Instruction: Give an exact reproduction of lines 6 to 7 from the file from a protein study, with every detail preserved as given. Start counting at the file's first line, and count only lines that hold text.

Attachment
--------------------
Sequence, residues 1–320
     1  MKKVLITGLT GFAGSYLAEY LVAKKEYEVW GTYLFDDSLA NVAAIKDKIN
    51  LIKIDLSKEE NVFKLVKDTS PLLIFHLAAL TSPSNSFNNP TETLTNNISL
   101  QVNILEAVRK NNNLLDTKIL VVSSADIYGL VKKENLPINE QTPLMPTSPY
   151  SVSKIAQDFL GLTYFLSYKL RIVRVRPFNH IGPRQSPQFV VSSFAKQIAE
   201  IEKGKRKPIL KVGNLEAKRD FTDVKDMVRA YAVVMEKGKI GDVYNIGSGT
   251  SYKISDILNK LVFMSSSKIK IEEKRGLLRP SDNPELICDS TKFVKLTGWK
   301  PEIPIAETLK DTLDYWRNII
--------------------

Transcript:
   201  IEKGKRKPIL KVGNLEAKRD FTDVKDMVRA YAVVMEKGKI GDVYNIGSGT
   251  SYKISDILNK LVFMSSSKIK IEEKRGLLRP SDNPELICDS TKFVKLTGWK